Analysis Hybrid array startup NexGen is starting out afresh having been spun out of SanDisk, and now faces the full competitive force of hybrid competition from both mainstream array vendors and the up-and-coming trio of Nimble, Tegile and Tintri. What are its chances?
NexGen was an iSCSI-based hybrid flash/disk array startup which used Fusion-io PCIe flash cards. In April 2013 it was bought by Fusion-io, which was subsequently bought by SanDisk, which decided it didn't want to be in the array business and spun it out via a private equity purchase.
NexGen now says it has arrived at its renewed state of independence with record fourth quarter 2014 revenues, triple digit quarter-on-quarter growth and hundreds of new customers. That all sounds pretty healthy enough.
It claims customers can "purchase ~10X less usable flash capacity while delivering ~4X lower latency versus all-flash SSD arrays" – a bold claim indeed. Another is that it delivers four-times lower $/VM cost than leading (unspecified) hybrid arrays – something its channel partners will be happy to demonstrate we suppose.
Nexgen has updated the original 3-box n5-nnn product line to a 4-box N5-nnn set with greater flash and disk capacities and more performance. The core attributes of this literally next generation of its technology are a flash caching scheme with settable app-aware quality of service (QoS) policies, and the use of PCIe flash; faster than SSDs and not taking up drive bays like SSDs.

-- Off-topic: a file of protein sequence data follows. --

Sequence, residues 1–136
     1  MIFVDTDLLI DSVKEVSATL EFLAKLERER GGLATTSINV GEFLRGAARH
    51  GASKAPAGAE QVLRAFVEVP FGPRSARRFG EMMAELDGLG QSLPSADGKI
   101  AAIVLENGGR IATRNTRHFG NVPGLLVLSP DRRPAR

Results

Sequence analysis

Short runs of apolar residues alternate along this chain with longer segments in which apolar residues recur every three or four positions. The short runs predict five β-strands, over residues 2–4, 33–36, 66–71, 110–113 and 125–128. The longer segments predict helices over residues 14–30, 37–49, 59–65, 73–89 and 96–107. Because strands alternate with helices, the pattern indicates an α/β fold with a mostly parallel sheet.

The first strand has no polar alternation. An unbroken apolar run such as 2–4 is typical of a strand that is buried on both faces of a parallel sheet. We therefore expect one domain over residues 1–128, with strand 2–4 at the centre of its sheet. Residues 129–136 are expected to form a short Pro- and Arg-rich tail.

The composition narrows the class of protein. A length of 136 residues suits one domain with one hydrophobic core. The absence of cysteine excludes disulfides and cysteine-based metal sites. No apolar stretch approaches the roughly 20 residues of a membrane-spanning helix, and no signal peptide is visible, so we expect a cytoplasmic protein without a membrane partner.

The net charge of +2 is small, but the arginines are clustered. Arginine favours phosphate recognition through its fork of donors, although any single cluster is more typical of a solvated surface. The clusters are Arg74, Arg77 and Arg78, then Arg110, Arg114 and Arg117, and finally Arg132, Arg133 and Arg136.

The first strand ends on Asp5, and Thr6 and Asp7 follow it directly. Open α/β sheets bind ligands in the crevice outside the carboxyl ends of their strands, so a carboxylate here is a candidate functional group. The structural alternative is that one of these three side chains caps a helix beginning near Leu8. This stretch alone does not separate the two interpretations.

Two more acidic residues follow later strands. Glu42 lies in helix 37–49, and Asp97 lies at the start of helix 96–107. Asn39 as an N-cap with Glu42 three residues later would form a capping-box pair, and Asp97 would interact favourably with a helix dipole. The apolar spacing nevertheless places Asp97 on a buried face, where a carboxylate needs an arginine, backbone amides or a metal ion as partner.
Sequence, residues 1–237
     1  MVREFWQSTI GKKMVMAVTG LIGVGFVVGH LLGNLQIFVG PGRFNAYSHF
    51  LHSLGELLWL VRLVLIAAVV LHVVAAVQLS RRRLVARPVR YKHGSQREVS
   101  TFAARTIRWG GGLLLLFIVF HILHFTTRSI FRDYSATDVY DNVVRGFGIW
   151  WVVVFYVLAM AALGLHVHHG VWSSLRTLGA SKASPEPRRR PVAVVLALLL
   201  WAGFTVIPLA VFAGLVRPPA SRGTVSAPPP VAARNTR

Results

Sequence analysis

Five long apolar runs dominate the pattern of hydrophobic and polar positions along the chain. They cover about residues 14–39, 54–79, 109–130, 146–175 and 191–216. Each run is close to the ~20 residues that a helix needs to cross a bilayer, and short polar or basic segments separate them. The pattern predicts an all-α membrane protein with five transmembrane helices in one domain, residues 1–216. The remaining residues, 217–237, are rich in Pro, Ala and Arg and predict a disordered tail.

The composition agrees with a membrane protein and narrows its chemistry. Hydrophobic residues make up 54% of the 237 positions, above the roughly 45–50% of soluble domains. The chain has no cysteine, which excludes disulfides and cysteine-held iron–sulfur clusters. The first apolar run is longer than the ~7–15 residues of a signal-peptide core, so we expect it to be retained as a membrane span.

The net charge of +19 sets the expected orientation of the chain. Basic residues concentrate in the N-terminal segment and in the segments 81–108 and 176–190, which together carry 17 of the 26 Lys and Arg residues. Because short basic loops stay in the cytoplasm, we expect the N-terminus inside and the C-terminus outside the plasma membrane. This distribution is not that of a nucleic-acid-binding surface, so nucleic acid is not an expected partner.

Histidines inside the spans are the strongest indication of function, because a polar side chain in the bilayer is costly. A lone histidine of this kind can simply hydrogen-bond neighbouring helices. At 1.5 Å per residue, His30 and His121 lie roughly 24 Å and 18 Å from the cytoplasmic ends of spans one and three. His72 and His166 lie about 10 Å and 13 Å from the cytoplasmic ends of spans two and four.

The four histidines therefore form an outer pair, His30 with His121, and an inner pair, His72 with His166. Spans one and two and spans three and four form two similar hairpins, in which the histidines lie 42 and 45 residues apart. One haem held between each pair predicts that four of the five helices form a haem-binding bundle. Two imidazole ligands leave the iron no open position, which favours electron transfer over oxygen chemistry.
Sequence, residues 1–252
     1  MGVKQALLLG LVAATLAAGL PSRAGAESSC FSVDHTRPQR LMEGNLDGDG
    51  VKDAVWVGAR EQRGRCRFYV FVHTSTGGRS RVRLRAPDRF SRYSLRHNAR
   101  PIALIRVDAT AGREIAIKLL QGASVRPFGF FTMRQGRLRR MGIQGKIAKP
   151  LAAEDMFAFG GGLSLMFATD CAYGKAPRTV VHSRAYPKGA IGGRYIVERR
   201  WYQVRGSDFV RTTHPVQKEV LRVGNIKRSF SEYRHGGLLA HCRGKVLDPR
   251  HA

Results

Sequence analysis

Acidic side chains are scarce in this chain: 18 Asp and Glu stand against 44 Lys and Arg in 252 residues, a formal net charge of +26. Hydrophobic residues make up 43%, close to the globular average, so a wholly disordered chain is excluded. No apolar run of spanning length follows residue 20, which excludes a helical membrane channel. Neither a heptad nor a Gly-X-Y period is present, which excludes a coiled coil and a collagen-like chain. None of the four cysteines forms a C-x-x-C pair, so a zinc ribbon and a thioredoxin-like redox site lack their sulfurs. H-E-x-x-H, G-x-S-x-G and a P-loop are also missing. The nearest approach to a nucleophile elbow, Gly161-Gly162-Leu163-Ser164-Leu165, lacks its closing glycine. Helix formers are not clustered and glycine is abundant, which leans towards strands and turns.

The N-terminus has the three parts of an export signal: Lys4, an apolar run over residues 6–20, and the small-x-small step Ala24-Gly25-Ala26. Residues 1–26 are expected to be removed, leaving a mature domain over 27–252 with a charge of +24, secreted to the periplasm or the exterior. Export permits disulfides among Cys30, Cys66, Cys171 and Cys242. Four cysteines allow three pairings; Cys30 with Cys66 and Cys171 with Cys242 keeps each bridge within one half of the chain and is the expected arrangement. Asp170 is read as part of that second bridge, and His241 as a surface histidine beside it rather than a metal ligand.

At a simple level the N5 arrays are 3U, dual controller, active-active, hybrid arrays with an iSCSI interface. The flash is installed as SanDisk (Fusion-io) PCIe flash cards and functions as a read and write cache. Performance can be increased by adding more PCIe flash and capacity by adding disk packs (16-slot shelves).
There can be two or four (SanDisk/Fusion-io) PCIe flash cards. Data is mirrored between PCIe flash cards on the two storage controllers. Writes go first to the mirrored flash cards, get acknowledged, and are then transferred to disk (evicted) if not being accessed.
Data on disk is striped and stored on RAID 6, hot-swap drives.
We understand that the full list of possible data locations runs from memory, through NVDIMMs (like Nimble Storage basically), PCIe flash and disk.
Old and new
A quick look at some details of the old (n5-nnn) and new (N5-nnn) product lines shows up some differences in capacities and IOPS.
A table below lists the numbers from which the chart is derived:
The n5-50, -100 and -150 are the three original NexGen arrays and the N5-200, -300, -500 and -1000 are the four new ones. We can see that the amount of flash has risen as the n5-nnn trio give way to the N5-nnnn quartet, as have the other values for minimum and maximum disk, and the IOPS rating.
It is worth looking at the QoS side in more detail.
These IOPS numbers are in thousands, both in the chart and the table. So the N5-3000 has a 200,000 IOPS rating with the N5-500 going faster at 225,000 and the N5-1000 rated at 250,000 IOPS.
These higher IOPS numbers affect the quality of service available.